One of the defining features of an MBA program is the internship: a structured, supervised work experience that provides hands-on experience in a professional business environment. Most MBA programs require students to complete an internship.

An internship offers many benefits, including specialized knowledge through work with experienced professionals, general skills and practices for success in the business world, and expert mentorship from supervisors and faculty. Whether it’s a year spent at an investment firm or a summer abroad with an international marketing agency, an internship serves as a right of passage, introducing you to the unique challenges of the business world.

The National Association of Colleges and Employers cites multiple studies connecting internships and future career success. Paid internships yield an even higher likelihood of future career success.

This guide introduces the ins and outs of internships for MBA students, giving you an idea of what to expect and what actually goes into arranging and completing an internship. You’ll also find strategies to help you locate the best MBA internship possible.

What to Expect From Your MBA Internship

What Will I to Do for My MBA Internship?

An MBA summer internship serves as a crash course in the realities of the business world. Given the variety of businesses and potential internship sites, duties vary widely. However, performing research, preparing reports, and assisting senior employees are all common tasks. The structure of different internships also varies greatly, working alone or as part of a team at different times. An internship offers you a chance to test the waters of the business world and determine your strengths.

In Which Type of Setting Will I Work?

Settings for MBA internships vary as greatly as businesses themselves, but typically the internship environment matches your area of study. For example, if you’re interested in finance, then you might intern at an investment firm.

Widely applicable specializations such as marketing or management can lead to internships at an assortment of organizations in media, manufacturing, and healthcare. Distance learners can also participate in internships, often working at companies within their own community.

How Long Will My Internship Last?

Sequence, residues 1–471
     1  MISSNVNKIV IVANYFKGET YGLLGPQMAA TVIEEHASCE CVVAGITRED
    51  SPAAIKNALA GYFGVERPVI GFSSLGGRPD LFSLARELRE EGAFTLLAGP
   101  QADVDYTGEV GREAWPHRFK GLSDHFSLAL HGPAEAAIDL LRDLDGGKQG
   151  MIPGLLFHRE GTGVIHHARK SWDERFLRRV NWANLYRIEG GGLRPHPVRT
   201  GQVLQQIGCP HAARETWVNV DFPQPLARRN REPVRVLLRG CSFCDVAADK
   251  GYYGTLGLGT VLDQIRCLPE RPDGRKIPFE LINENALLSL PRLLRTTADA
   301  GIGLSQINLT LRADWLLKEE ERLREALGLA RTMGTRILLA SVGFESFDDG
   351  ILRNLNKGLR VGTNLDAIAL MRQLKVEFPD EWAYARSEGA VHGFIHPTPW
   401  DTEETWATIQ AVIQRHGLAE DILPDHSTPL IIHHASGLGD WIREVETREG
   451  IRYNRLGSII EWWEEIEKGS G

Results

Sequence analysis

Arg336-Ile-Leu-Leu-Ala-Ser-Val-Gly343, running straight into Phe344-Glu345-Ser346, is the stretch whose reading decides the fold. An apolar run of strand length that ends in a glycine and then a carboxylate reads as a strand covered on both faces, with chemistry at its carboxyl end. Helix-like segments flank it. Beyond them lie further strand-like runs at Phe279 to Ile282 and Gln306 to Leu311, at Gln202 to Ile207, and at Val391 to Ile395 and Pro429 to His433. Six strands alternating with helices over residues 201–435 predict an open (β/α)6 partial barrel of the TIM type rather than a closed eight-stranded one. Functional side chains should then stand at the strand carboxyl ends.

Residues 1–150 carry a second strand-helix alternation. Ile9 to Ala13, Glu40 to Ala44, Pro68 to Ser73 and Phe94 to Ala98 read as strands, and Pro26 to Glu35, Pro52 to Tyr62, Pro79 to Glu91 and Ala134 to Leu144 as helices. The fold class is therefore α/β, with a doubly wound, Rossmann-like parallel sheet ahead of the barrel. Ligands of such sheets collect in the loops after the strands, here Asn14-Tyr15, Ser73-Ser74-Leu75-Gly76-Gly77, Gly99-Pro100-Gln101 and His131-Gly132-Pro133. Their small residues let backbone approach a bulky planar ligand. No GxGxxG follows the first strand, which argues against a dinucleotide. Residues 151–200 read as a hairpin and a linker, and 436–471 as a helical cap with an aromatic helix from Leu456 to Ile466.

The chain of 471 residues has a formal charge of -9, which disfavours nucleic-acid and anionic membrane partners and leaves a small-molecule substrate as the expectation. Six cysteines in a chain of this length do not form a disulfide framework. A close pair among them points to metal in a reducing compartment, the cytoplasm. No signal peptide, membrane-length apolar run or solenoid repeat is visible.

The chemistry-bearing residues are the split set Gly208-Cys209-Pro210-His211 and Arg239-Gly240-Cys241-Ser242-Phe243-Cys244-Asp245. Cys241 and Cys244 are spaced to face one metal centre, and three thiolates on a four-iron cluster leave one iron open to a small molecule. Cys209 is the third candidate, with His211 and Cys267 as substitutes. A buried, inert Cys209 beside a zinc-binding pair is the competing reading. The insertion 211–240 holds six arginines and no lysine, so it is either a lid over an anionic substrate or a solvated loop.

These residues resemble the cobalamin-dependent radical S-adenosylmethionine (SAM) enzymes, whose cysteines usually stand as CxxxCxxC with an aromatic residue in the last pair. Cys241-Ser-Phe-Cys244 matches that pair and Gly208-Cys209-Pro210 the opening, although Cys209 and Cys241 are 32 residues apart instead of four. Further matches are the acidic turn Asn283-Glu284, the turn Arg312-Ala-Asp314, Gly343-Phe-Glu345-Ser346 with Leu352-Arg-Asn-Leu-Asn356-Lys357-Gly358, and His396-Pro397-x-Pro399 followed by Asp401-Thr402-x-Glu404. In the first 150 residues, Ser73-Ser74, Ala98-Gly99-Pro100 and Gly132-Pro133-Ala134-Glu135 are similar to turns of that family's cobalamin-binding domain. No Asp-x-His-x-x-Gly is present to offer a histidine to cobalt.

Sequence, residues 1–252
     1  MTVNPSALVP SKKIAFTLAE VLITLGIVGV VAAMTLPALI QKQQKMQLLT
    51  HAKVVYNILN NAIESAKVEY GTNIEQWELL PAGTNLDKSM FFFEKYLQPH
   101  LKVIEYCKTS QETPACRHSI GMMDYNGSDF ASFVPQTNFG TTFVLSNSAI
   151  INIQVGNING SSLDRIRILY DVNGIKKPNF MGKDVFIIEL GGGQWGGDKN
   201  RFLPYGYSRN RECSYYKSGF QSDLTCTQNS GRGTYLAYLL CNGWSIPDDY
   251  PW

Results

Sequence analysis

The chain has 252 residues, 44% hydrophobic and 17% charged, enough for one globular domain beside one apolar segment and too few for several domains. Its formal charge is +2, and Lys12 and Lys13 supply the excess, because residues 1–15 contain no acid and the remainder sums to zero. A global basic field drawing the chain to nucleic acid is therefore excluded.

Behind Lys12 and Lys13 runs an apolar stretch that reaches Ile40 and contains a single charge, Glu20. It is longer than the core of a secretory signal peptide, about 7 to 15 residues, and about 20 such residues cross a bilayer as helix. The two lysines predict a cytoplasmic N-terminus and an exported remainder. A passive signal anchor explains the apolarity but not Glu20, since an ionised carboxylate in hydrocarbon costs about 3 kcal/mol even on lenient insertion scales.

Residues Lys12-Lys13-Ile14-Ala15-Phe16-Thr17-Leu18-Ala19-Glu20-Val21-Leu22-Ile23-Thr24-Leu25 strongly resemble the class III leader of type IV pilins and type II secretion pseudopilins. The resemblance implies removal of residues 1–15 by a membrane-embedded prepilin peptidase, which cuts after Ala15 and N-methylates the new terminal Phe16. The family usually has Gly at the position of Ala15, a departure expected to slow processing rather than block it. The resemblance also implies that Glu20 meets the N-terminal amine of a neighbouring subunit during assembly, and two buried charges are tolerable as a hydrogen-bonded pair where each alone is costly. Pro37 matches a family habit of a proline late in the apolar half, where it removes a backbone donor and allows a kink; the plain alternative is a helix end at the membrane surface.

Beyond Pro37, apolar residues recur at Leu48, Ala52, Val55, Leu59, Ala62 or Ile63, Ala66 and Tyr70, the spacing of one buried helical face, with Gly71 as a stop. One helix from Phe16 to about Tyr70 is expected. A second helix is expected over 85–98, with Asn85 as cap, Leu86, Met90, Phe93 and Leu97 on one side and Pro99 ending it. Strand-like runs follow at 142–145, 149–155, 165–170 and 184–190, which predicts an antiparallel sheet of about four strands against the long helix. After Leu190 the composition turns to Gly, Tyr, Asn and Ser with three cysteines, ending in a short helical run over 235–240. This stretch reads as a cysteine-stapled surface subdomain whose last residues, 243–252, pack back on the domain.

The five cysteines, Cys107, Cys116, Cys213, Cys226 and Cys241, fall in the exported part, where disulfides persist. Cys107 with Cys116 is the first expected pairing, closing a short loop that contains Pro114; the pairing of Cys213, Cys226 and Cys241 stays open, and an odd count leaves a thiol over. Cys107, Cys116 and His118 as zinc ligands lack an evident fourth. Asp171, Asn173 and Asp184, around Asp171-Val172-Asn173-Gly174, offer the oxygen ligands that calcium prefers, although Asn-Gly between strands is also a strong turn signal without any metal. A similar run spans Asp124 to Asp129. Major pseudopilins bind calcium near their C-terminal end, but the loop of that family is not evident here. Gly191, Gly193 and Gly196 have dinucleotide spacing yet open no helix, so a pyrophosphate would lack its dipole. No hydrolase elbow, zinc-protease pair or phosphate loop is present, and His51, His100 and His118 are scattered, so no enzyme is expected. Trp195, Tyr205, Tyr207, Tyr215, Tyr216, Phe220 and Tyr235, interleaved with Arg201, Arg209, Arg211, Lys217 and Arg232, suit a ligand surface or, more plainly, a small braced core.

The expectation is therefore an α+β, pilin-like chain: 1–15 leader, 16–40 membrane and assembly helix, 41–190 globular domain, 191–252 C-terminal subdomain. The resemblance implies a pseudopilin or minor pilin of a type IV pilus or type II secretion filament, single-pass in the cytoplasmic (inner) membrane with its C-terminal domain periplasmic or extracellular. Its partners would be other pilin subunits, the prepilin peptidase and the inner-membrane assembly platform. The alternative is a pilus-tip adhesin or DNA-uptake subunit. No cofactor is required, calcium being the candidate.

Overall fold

Most internships last at least a full semester or academic term. Some schools offer concentrated internships that feature a heavier weekly workload and last 6-12 weeks, while others are spread out throughout the course of an entire school year, with fewer weekly hours required. The sheer variety of available internships makes it difficult to generalize about length.

Some MBA summer internships may not count for academic credit, instead offering practical experience and networking opportunities. When looking into an MBA program, always research the internship component to determine what’s required and what options you have in terms of length and timing.

Will I Get Paid for My MBA Internship?

Depending on where you intern, you may or may not receive a paycheck. Internships with more prestigious companies may be paid, but this is hardly a rule. Lower-level internships that skew closer to training programs, rather than regular work, are often unpaid.

Will I Get Academic Credit for My Internship?

In general, internships do count for academic credit, though precise credit equivalencies vary between schools and programs. Often, one semester of an internship equates to the credit amount of a single academic course.

Most MBA programs require students to perform reflective work outside of their internship, drawing connections between course materials and their own on-the-job experience. Some internships also include an additional classroom component that brings students together to analyze their work experiences in a group setting.

How Will My MBA Internship Help Me?

An MBA internship helps students develop an assortment of valuable skills, encompassing both practical workplace experience and specialized business knowledge. Depending on your area of study and internship workplace, hands-on knowledge of any number of business principles, such as marketing, finance, human resources, and management, is available.